My surgeons rearranged the breast tissue to fill the hole and also reshaped the breasts. At the same time, they placed a small, spiral implant called BioZorb into the tumor site. It’s a kind of scaffolding that dissolves and leaves behind a few embedded titanium marker clips, which work like a GPS system for the breast cancer site. I will need mammograms and MRIs every six months for most of the rest of my life, and those clips will tell doctors precisely where to look for a recurrence of cancer. It also helped my radiation oncologist know where to target the radiation therapy.
Recently, I saw a woman who had been diagnosed at the same age as I had, but over 30 years ago. She’d had a mastectomy with no reconstruction. She had a large remaining breast on the other side and hid her chest for years with bulky clothing because she was so embarrassed by her asymmetry. She also developed neck and shoulder pain and couldn’t find bras that would fit. I so wished for her that she’d had the same great reconstructive options that I had.
Fortunately, so many breast cancers nowadays are treatable, and women are going to get through their treatments feeling well and doing well many years in the future.
Despite how informed I am as a breast cancer doctor, I now really understand the true challenge of weighing the risks and benefits of a mastectomy versus a lumpectomy. It’s a discussion that I literally have every single day in my practice.
But we know from studies that women with smaller cancers can have lumpectomies with radiation and do equally well from a survival standpoint. And insurance covers both lumpectomy and mastectomy reconstruction.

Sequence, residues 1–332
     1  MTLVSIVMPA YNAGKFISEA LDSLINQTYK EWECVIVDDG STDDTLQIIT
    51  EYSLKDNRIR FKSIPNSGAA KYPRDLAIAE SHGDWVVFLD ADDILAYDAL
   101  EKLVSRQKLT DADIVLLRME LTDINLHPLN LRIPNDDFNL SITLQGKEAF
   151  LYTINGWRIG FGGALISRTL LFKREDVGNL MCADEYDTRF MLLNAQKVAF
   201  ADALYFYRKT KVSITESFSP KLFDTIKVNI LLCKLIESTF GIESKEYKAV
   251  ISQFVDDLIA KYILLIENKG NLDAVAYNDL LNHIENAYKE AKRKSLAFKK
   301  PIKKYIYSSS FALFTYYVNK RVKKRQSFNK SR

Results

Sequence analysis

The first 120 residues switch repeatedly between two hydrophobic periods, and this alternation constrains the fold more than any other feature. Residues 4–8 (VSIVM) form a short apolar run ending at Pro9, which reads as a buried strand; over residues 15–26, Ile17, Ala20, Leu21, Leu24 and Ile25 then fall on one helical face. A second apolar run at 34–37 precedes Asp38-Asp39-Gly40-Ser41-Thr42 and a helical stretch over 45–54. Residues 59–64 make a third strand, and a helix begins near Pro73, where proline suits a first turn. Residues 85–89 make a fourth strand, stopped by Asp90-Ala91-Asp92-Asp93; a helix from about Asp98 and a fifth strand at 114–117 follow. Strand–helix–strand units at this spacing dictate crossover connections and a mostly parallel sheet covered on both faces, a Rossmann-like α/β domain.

I was really happy with my decision and was excited to get back to running. Exercise is a huge part of my life. I started doing half marathons and triathlons when I was in medical school and have found training and racing helps me focus on being the best mom and doctor I can be.
Six days after surgery I pushed myself to exercise and my doctor encouraged it. Often, I would go to radiation treatments in my running clothes and run right afterwards. It felt so great physically and psychologically, and it was a perfect time to process all that I was going through.
Today, I feel incredibly healthy, and most days I don’t even remember I had breast cancer. I tell my own patients that exercise is important to reduce cancer recurrence.
I am passionate about the work I do as an oncoplastic surgeon. Although women sometimes think that having breast reconstruction is just cosmetic, it’s really about quality of life. The idea is to wake up every morning and not be reminded of your cancer. And getting back quickly and happily to all those things that really matter to you, like your family, your activities, and your job.
My patients were wonderfully supportive and I have felt connected to them in an even deeper way than before cancer. I try to go out of my way to minimize the impact of cancer on their lives, such as streamlining visits, scheduling testing and surgery around their personal and family schedules and better explaining the impact of recovery.
Now that I have gone through breast cancer myself, I hope and believe I am a better breast cancer physician.